Salvation Through Cycling

By Mike Mitchell / Photo Courtesy Of CATA

CATA vice president Mike Mitchell hopes to pass along his love of mountain biking to his grandson.

CATA vice president Mike Mitchell hopes to pass along his love of mountain biking to his grandson.


My journey to a passion for mountain biking was a long one. I went through a divorce in 1975, and for the first time in my life I was living alone and feeling really pitiful. I needed to get out. I flew to Aspen and attended ski school at Aspen Highlands Mountain. It was exciting, but at the same time disappointing when I realized we had no similar activities back in Arkansas.

When I got home I decided to change my life by starting a running and exercise program. I didn’t consult a professional (which everyone should do), and in retrospect I am sure it was dangerous to my health. Each day I would sprint as far as I could—maybe a quarter mile at first. I struggled to complete three pushups and eight sit-ups. Slowly, my body adapted to the point that I was completing two miles.

In the late 70s, I built a house out in the woods of west Pulaski County, and did my running along old logging roads. It was on one of those roads where I twisted my ankle one day. Unable to run, I pulled out an old road bike from my garage and headed for pavement. I was hooked, and quickly bought a Fuji road bike from a guy named Tony Karklins. He owned a bike shop called Chainwheel, located at that time on Kavanaugh Boulevard.

Unfortunately, I found it scary “sharing” the road with 5,000-pound vehicles driven by people who seemed to resent my presence. Rather than endorphins following a ride, I felt stress, fear and anger. So, I went back to Tony’s store and bought a Trek mountain bike. As it turns out, those intolerant drivers unknowingly did me a favor. Wham, a passion! I had discovered mountain biking.

I began taking mountain bike vacations to places in Colorado, Utah, California, New Mexico and Oregon. At a medical-legislative meeting in Santa Rosa, California, a few years ago, I had an experience that changed mountain biking for me forever. Searching for a guide, I discovered a mountain bike meet-up called Annadel Mountain Bike Group (AMBG). I didn’t know what to expect, but it was free to join—so I signed up. Pretty quickly after my inquiry, a notice appeared on the (AMBG) ride calendar for a ride at 2 p.m. on Thursday. The ride was entitled “The Hospitality Ride for Mike from Arkansas.” I still get emotional every time I remember this experience.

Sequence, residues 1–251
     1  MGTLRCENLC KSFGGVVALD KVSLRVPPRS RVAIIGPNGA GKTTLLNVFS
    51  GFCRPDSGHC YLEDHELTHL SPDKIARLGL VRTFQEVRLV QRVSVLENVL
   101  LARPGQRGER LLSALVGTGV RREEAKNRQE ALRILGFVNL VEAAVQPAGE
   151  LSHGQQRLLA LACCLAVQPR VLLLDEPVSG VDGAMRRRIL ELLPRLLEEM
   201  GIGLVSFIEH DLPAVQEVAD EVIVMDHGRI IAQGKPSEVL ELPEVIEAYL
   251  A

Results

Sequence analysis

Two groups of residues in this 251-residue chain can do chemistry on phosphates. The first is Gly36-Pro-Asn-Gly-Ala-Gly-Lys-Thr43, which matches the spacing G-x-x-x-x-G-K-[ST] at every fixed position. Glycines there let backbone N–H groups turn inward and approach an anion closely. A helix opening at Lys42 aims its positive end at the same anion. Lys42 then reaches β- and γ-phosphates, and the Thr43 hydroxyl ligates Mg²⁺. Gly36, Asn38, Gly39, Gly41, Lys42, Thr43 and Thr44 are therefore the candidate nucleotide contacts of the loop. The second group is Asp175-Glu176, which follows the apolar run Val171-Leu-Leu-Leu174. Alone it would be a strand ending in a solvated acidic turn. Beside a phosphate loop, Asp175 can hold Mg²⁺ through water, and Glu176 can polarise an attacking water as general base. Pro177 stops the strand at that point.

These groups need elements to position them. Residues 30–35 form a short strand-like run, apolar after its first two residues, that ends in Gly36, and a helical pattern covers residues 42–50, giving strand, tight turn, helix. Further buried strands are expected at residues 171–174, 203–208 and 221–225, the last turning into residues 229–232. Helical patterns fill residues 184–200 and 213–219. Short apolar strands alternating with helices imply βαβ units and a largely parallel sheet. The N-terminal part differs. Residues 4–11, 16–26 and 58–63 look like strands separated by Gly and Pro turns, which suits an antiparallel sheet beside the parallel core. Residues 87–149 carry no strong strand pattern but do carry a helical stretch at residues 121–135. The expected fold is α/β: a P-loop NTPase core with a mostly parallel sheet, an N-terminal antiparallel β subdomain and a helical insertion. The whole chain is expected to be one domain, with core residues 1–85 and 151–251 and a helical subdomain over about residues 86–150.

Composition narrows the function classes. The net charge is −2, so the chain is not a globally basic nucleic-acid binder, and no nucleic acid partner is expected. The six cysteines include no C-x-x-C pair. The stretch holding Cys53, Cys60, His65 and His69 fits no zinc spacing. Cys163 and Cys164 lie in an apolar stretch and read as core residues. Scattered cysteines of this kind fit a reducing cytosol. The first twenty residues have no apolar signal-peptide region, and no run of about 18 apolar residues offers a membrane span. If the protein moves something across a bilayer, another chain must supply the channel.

Four Annadel members showed up for the occasion, including Cris Anderson, a group organizer. During the ride, Cris explained what a meet-up was, and how to form one in Little Rock, which I quickly did when I returned home, calling it the Burns Park Mountain Bike Group (BPMBG). We now have around 450 members. Any member can schedule a ride locally or elsewhere.

The BPMBG is how I became acquainted with so many mountain biking friends, including Bruce Alt and Matt Goddard. Not long after our acquaintance, we decided to form a nonprofit 501(c)(3) named Central Arkansas Trail Alliance (CATA), a chapter of International Mountain Bicycling Association (IMBA). Bruce was the first CATA president, now VP for governmental affairs with IMBA. Matt succeeded Bruce as our current CATA president.

CATA is dedicated to establishing and maintaining multi-use trails in central Arkansas open to mountain bikes. One of our efforts—and my dream—is to duplicate the public school mountain bike program that the Walton Family Foundation has helped establish in Bentonville. In that program, students are taught mountain biking as part of their physical education curriculum. CATA is looking for a sponsor so we can create a pilot program for a school in central Arkansas. This is an opportunity for someone with a philanthropic vision to create a legacy in our part of the state. Teaching this sport to our kids will ensure they will be able to ride with their kids.

The sport of mountain biking is still in its infancy. We at CATA are doing what we can to advance the sport as a healthy aerobic exercise. But for kids to be engaged it has to be fun, and we intend to make it fun! Mountain biking can make for a great family vacation to places like Colorado, the Grand Canyon, mountains of Lake Tahoe, red rocks of Sedona, giant redwoods of California—and it is also a wonderful reason to explore the beautiful country right here at home in Arkansas. Come join CATA and BPMBG and help us develop the sport to an epic level. Ride together with us—forever. 


Mike Mitchell is the vice president of the Central Arkansas Trail Alliance. For more information, visit